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“Together we can, together we will.”

 

This motto has driven the students,
staff, families and supporters of Arlington
Community High School
through their first year back with Indianapolis
Public Schools. The school was assigned state intervention status in 2011 after
consistently struggling, but this year a team of IPS administrators, educators
and support staff seized the opportunity to renew the once abounding pride in
and around the school. Together they could, and together they did!

 

“It’s been an all-hands effort from
staff, our community, alumni and faith-based organizations to ensure we reached
the point where we could operate well as a school,” said Principal Stan Law.
“We had to take some time and really focus on building those relationships.”

 

One of the ways Law built on the
Arlington pride was by hiring several alumni on his staff. Dean Brian Dinkins –
Arlington Class of 1996 – was delighted to return to his alma mater.

 

“The school has dealt with so much
transition in recent years,” said Dinkins. “When I was an Arlington student the
principal had already been here 15 years, teachers had taught my cousins,
taught my aunties and uncles, and so when you have that stability then you
already create a level of accountability and relationships when you hear your
family talk about the staff. I think it’s phenomenal having the ability to
bring alumni in and give students a picture of what it could look like.”

 

Building relationships has been the real
key to successfully developing a positive culture and climate at Arlington.
When students and staff first showed up in the fall, they really didn’t know
each other. It took time and commitment to build positive relationships and
trust.

 

“Sharing our experiences and making
personal connections with the students have really made a difference,” said
Dinkins.

 

Principal Law also took steps to ensure
Arlington staff members were supported and equipped with the training and tools
needed to foster success. Teachers received targeted supports, from classroom
management training to Positive Behavior Intervention Supports certification
and workshops with Peace Learning Center to gain insight on new ways to build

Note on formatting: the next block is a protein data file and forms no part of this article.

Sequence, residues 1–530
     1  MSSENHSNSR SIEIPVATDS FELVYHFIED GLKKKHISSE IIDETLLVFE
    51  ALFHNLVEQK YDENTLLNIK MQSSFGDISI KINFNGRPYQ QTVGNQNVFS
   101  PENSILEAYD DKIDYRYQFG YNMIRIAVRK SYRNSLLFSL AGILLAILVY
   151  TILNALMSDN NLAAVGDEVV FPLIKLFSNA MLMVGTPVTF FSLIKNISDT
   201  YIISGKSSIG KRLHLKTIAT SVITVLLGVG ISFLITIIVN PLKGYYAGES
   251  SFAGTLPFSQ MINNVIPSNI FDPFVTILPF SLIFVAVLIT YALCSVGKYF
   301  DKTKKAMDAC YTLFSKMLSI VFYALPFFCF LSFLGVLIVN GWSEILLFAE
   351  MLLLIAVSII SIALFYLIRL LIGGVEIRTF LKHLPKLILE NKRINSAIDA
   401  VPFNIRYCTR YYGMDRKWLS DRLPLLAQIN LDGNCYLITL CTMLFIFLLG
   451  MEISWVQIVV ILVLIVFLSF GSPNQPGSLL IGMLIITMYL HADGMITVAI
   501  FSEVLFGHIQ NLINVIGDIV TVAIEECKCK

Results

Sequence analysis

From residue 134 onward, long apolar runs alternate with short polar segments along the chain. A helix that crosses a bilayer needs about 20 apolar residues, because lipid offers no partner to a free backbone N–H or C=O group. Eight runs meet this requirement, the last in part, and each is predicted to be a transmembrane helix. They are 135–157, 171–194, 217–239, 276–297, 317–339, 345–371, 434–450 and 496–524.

rapport with students and maximize valuable instructional time.

 

Alumni groups and other organizations
have stepped up to provide mentoring opportunities for Arlington students as
they work to continue growing as citizens of the community. One group – Save
Our Sisters – created a sorority-style support system for a group of 8th
grade girls. All of the young ladies have seen significant gains in their
academics and in their interactions outside of the classroom. The
administrative team plans to seek additional programming and opportunities to
support students next school year.

 

“It’s been phenomenal for kids to connect
with people outside who can let them know this is a community school and that
our neighbors aren’t only concerned about their academic growth, but also who
they are as people.”

 

The excellence of Arlington’s scholar-athletes
has also helped to boost a sense of pride and togetherness for students, staff
and families. The Knights’ boys basketball team won sectionals for the first
time since 1974, the girls volleyball and basketball teams also experienced
great success and the Arlington football team finished 7-3 this season!

 

All of the positive efforts of the
Knights have paid off greatly. Earlier this spring, the Indiana State Board of
Education voted unanimously to maintain Arlington’s status within the
Transformation Zone of IPS, meaning the students, staff and families of
Arlington will not experience additional leadership transitions in the coming
school year! We are thrilled to see the hard work of this school community
applauded by our state leadership.

 

“When you walk into the building you feel
like you’re part of a family,” former Arlington educator and community advocate
Carole Craig told the State Board of Education at a public hearing on
Arlington’s future last month. “Mr. Law and his team are doing a fantastic job
of turning around the school. I’ve seen tremendous gains. We’ll see so many
Arlington graduates who will stay in the Arlington community to make it a
better place to live.”

 

“To me, being a Knight means being part
of a family,” said Law. “It’s all about supporting success, hard work and
teaching kids how to accomplish the dreams that they have. Together we can,
together we will!”